Where an intending buyer's real estate purchase is to be financed, the lender is likely to insist on the buyer registering details of its beneficial ownership at the Companies Registry as a condition precedent to providing the financing for the acquisition. 

Buyers/sellers/landlords/tenants of real estate will also need to consider whether ensuring that an overseas entity has obtained an overseas entity ID number is a condition of exchange of contracts or completion, which we would expect to see become the norm.

Annual obligation to keep the information on the register up to date – Overseas entities will be required to update the information provided to the Companies Registry either annually, within a 14-day annual update period, or outside of this period, when a beneficial owner and/or managing officer is required to be removed from the register. Failure to do so may result in criminal sanctions. Overseas entities will be able to apply to be removed from the register if they cease to be interested in UK real estate. Note that the updating obligation subsists for as long as the overseas entity remains registered, even if it no longer owns any UK real estate.  So once property is sold, an overseas entity should apply to be removed from the Companies Registry. 

Consequences of breach

Overseas entities that fail to register or fail to comply with the obligation to update the registered information, will not be able to deal with the UK real estate that they own.

It will also be a criminal offence for both the overseas entity and its officers:

  • to deal with UK real estate without being registered; 
  • to fail to comply with the obligation to update the registered information at least annually; or
  • to deliver misleading, false or deceptive information to the Companies Registry.

The sanctions for the criminal offences include fines and/or up to 5 years imprisonment, depending on the severity of the breach. 

The Act also includes the ability for the Government to impose a charge on the property to secure unpaid fines.

Practical implications

Overseas entities with UK real estate portfolios will need to put in place appropriate compliance arrangements, as soon as possible in light of the deadlines, to ensure that the requirements of the new regime are met. Entities should not underestimate the time needed to identify beneficial owners, especially in complex structures and to have the information verified. 

Overseas entities intending to acquire UK real estate will need to obtain an overseas entity ID. SPVs that are set up to acquire UK real estate will need to ensure that they can obtain an overseas entity ID number in advance of completing the purchase of real estate. As a result, incorporating SPVs earlier in the transaction process than might typically be the case is important. Clearly on transactions involving UK real estate there will be much more due diligence on beneficial ownership.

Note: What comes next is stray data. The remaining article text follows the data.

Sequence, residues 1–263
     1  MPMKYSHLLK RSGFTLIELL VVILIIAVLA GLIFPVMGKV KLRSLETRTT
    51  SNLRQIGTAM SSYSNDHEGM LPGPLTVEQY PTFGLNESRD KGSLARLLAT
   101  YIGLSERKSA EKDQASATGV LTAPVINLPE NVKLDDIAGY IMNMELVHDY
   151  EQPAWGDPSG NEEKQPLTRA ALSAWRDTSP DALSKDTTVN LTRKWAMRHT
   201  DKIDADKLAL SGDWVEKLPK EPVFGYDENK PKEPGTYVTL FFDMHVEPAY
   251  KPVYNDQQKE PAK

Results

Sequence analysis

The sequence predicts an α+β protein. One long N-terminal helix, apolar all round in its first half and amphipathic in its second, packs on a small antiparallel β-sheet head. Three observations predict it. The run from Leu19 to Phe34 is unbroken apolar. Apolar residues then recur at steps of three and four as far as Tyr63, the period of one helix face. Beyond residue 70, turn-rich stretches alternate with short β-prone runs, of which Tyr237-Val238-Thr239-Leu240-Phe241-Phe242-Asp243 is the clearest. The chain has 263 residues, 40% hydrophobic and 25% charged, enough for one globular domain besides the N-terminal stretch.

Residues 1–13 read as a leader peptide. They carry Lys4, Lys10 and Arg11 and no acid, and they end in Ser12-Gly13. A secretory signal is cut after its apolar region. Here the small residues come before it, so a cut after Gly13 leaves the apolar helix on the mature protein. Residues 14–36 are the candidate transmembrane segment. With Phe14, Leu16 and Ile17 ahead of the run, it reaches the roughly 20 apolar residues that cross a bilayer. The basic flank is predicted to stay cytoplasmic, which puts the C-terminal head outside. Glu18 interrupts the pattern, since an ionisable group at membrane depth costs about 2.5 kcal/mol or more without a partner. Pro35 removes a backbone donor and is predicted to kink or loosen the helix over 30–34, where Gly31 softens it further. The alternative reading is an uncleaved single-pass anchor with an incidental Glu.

Parties (sellers, buyers, landlords, tenants, investors and lenders) dealing with overseas entities will want to check that the overseas entity has an overseas entity ID number, appears on the register of overseas beneficial owners and try to obtain some assurance that the overseas entity will comply with its annual updating obligation. In addition, buyers, tenants and lenders will need to ensure that they have the contractual protection in place so that they can be registered as the proprietor of the property/charge respectively at HMLR. 

Verification process

Once the overseas entity registers its information on its beneficial owners or managing officers with Companies House, it will be given 14 days for a recognised "supervised agent" (as identified below) to lodge a verification statement, confirming the accuracy of the information. The 14 days will not apply if the relevant information is lodged together with the verification statement of the supervised agent.

These "supervised agents" are:

  • Credit institutions;
  • Financial institutions;
  • Auditors, insolvency practitioners, external accountants and tax advisors; 
  • Independent legal professionals; 
  • Trust or company service providers; or
  • Estate agents or letting agents.

The supervised agent will need to verify the information on the basis of documents or information obtained from a reliable source which is independent of the person whose identity is being verified.

It should not be underestimated how time consuming this process will be. Significantly more KYC work will need to be done by professional advisers, including accountants and lawyers, to verify identity in order to comply with the new requirements. In many cases, the supervised agent will not be able to rely on KYC previous issued by the relevant entity because of the dates within which the information must have been verified.

Other provisions of the Act

The Act also makes changes to the unexplained wealth order and the sanctions regimes. 


All current and intending overseas owners of UK real estate need to be aware of and comply with these provisions.